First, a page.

The altar of Julie Taymor's Temple of Croon has been bare for too long, but tonight it will be piled high with fresh sacrifices, and the gutters of 42nd Street will once again run with blood! After canceling two performances following Monday night's near-death experience, the producers of Spider-Man: Turn of the Dark insist the show will go on tonight. The state Labor Department is satisfied the $65 million musical has made the necessary safety improvements—but spokeswoman Maureen Cox says an investigation is continuing into what caused aerialist Christopher Tierney to fall nearly 30 feet. And she tells the AP, "We're also making sure that the actors and the stagehands know that if everything is not right, they can say, `We're not going to go.' " Boooooring! We want to see a trainwreck!

Spectators like 34-year-old Jason Majestic came all the way from Long Island for some fresh meat. "It is such a controversial show with a little bit of danger involved," Majestic tells the Post. "You want everyone to be safe—but it would have been awesome to watch if something had happened." Bloodthirsty ticket-holders who showed up last night were furious to discover the performance had been canceled; the box office hadn't sent out e-mails notifying them until 5:30 p.m. (The media was informed about an hour earlier.) "I read this morning that the matinee was canceled but that the show would be on tonight," Lou Esposito of Valley Stream fumed to Newsday (paywall). "I had seven people coming to see the show." And here's the Post's video of other disappointed ticketholders (fun fact: the only one who expressed concern for Tierney was a tourist from California).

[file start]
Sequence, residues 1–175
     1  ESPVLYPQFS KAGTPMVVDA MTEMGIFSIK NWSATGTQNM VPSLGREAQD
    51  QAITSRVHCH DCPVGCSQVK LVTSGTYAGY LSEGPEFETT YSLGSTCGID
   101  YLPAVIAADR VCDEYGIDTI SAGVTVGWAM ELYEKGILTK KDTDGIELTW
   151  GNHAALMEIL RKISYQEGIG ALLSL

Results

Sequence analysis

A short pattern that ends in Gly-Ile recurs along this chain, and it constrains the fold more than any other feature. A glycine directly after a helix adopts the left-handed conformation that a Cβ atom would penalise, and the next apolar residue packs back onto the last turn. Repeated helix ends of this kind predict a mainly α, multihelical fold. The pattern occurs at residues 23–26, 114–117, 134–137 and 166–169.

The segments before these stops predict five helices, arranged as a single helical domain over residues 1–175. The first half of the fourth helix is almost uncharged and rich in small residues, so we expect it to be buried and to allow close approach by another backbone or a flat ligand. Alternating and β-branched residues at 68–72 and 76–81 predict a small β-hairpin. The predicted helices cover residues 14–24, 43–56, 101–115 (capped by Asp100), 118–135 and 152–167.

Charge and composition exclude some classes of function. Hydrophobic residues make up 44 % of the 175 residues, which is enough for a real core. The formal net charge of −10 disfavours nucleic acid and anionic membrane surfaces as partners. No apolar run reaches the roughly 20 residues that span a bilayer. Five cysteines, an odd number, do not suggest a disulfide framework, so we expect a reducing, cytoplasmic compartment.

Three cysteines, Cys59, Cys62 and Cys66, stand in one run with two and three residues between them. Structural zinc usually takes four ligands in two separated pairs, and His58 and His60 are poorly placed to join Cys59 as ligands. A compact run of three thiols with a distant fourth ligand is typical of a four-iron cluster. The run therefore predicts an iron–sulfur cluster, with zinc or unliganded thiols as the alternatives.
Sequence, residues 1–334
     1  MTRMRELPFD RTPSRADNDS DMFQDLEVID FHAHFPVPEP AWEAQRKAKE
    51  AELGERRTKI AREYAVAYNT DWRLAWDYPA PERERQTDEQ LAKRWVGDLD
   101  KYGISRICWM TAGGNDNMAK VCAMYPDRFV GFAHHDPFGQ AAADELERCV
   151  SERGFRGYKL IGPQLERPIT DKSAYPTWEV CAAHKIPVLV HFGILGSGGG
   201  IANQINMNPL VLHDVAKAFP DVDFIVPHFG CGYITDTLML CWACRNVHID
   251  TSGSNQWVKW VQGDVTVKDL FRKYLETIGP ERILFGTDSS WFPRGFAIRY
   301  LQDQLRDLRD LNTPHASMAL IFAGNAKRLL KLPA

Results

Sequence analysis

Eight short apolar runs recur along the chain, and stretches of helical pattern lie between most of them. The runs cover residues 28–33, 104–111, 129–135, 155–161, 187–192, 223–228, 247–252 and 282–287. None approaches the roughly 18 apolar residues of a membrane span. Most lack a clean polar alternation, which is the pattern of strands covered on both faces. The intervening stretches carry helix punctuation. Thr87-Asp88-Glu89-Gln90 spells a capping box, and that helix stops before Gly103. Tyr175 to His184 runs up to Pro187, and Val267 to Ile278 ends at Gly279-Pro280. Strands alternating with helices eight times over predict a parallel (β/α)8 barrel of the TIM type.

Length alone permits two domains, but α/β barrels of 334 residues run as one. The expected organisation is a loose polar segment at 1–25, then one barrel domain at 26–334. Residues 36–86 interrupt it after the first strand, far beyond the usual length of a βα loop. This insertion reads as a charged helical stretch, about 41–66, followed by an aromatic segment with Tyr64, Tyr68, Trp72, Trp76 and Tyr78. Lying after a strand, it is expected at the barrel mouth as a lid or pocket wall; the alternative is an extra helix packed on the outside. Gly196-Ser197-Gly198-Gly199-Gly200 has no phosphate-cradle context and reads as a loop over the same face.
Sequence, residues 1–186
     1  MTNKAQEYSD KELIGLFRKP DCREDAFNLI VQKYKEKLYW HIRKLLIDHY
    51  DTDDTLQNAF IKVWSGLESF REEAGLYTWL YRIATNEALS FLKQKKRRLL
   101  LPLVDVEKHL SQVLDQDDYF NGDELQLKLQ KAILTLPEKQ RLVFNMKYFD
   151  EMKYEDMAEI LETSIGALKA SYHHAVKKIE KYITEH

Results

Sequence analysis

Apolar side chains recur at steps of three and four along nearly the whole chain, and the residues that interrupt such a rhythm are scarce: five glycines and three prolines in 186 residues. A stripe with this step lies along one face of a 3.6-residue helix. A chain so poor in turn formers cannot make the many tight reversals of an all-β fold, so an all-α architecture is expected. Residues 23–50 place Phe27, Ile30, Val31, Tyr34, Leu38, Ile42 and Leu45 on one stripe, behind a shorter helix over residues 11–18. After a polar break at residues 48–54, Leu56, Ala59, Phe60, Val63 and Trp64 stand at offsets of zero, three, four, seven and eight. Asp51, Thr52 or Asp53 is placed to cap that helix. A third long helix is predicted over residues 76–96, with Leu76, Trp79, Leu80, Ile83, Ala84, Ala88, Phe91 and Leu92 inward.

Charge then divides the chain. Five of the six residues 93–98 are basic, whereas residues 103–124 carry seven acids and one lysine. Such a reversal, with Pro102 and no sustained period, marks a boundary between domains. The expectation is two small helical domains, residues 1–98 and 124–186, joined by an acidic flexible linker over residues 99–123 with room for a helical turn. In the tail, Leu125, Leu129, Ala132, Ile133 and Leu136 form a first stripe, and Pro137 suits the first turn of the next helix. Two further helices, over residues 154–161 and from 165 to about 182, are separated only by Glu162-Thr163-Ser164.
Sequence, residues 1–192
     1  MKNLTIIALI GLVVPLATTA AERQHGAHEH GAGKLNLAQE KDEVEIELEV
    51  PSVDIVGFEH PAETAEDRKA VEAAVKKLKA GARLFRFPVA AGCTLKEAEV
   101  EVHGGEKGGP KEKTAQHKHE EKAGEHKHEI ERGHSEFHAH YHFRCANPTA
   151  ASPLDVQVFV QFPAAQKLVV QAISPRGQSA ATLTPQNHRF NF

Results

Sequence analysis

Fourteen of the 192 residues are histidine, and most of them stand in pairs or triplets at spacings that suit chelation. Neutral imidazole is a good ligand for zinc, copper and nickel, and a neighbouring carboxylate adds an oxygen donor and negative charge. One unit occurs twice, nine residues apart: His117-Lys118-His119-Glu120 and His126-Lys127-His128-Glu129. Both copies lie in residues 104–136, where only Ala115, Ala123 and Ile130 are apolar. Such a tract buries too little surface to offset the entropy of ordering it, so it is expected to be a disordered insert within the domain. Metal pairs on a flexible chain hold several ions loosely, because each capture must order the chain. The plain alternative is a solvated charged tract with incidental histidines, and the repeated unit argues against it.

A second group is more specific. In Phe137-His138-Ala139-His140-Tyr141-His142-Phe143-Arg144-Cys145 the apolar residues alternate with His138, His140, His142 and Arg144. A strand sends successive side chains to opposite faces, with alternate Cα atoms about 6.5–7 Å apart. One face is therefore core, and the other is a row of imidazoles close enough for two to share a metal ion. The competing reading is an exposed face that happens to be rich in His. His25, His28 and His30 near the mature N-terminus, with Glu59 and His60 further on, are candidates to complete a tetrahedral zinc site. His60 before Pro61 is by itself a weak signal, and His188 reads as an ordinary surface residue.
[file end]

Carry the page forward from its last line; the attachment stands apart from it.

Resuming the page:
In an attempt to placate the mob, star Reeve Carney, who plays Spidey, and Patrick Page, the villainous Green Goblin, greeted fans outside the theater and signed autographs. "There's no good way to tell an 8-year-old they won't get to see Spider-Man," Page said, "but it's a little better if Spider-Man or the Green Goblin comes out to explain it to them." Sorry little Jimmy, but the mean old state Labor Department says you're just too young to witness criminally negligent manslaughter.